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The Art of Deception: Controlling the Human Element of Security

Mitnick, Kevin D., and William L. Simon

ISBN 10: 0471237124 / ISBN 13: 9780471237129
Published by Wiley Publishing, 2002
Used Condition: Near Fine Hardcover
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About this Item

First printing, full number line. Inscribed, signed, and dated by the author on the title page: "To: John / Great meeting you. / Kevin Mitnick / 11/6/02." The first book by, according to his third book, "the world's most wanted hacker." He doesn't sign much, maybe because (understandably) he doesn't want his autograph out there. The book is square and unmarked; corners sharp, spine ends bumped. The dust jacket is not price-clipped (original price $27.50); light edgewear at spine ends and corners; Brodart protected. Size: 8vo - over 7¾" - 9¾" tall. Bookseller Inventory # 007642

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Bibliographic Details

Title: The Art of Deception: Controlling the Human ...

Publisher: Wiley Publishing

Publication Date: 2002

Binding: Hard Cover

Book Condition: Near Fine

Dust Jacket Condition: Near Fine

Signed: Signed by Author

Edition: First Edition.

About this title

Synopsis:

The world's most infamous hacker offers an insider's view of the low-tech threats to high-tech security
Kevin Mitnick's exploits as a cyber-desperado and fugitive form one of the most exhaustive FBI manhunts in history and have spawned dozens of articles, books, films, and documentaries. Since his release from federal prison, in 1998, Mitnick has turned his life around and established himself as one of the most sought-after computer security experts worldwide. Now, in The Art of Deception, the world's most notorious hacker gives new meaning to the old adage, "It takes a thief to catch a thief."
Focusing on the human factors involved with information security, Mitnick explains why all the firewalls and encryption protocols in the world will never be enough to stop a savvy grifter intent on rifling a corporate database or an irate employee determined to crash a system. With the help of many fascinating true stories of successful attacks on business and government, he illustrates just how susceptible even the most locked-down information systems are to a slick con artist impersonating an IRS agent. Narrating from the points of view of both the attacker and the victims, he explains why each attack was so successful and how it could have been prevented in an engaging and highly readable style reminiscent of a true-crime novel. And, perhaps most importantly, Mitnick offers advice for preventing these types of social engineering hacks through security protocols, training programs, and manuals that address the human element of security.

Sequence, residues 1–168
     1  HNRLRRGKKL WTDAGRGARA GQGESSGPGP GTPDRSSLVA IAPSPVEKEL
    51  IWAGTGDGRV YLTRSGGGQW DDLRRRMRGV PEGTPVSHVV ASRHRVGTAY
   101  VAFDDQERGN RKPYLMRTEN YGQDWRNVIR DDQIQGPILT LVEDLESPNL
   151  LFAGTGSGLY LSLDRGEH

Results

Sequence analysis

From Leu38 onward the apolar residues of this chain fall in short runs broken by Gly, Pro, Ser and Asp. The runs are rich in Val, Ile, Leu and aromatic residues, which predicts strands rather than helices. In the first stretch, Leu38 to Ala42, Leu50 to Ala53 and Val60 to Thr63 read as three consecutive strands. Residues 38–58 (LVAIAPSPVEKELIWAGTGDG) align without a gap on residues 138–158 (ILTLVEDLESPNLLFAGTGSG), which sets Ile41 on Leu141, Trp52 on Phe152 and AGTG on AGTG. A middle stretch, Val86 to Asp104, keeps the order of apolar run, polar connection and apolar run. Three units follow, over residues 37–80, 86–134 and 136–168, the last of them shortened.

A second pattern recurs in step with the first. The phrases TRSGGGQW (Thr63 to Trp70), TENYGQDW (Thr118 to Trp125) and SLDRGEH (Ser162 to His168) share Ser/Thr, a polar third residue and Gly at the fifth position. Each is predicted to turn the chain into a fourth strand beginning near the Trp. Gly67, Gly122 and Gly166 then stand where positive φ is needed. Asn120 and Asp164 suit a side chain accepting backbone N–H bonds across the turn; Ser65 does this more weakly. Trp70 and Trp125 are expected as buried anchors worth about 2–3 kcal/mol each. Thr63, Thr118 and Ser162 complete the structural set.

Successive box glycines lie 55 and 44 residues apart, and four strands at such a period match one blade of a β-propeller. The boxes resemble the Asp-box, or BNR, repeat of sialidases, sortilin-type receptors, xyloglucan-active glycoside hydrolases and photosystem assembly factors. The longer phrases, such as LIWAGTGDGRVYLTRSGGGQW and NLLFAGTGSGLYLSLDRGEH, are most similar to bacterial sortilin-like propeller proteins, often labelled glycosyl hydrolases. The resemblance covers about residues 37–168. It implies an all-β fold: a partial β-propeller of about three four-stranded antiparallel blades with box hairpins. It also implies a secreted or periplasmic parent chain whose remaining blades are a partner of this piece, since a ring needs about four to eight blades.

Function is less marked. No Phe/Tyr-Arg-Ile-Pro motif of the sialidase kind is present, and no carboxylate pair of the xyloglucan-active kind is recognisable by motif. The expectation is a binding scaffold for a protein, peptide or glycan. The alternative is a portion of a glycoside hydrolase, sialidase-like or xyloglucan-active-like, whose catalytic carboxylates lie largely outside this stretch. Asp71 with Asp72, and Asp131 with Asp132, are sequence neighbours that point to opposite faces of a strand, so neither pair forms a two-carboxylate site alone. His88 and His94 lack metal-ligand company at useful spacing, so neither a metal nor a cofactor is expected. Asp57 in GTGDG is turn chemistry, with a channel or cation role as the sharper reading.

Review:

The Art of Deception is about gaining someone's trust by lying to them and then abusing that trust for fun and profit. Hackers use the euphemism "social engineering" and hacker-guru Kevin Mitnick examines many example scenarios.

After Mitnick's first dozen examples anyone responsible for organizational security is going to lose the will to live. It's been said before, but people and security are antithetical. Organizations exist to provide a good or service and want helpful, friendly employees to promote the good or service. People are social animals who want to be liked. Controlling the human aspects of security means denying someone something. This circle can't be squared.

Considering Mitnick's reputation as a hacker guru, it's ironic that the last point of attack for hackers using social engineering are computers. Most of the scenarios in The Art of Deception work just as well against computer-free organizations and were probably known to the Phoenicians; technology simply makes it all easier. Phones are faster than letters, after all, and having large organizations means dealing with lots of strangers.

Much of Mitnick's security advice sounds practical until you think about implementation, when you realize that more effective security means reducing organizational efficiency--an impossible trade in competitive business. And anyway, who wants to work in an organization where the rule is "Trust no one"? Mitnick shows how easily security is breached by trust, but without trust people can't live and work together. In the real world, effective organizations have to acknowledge that total security is a chimera--and carry more insurance. --Steve Patient, amazon.co.uk

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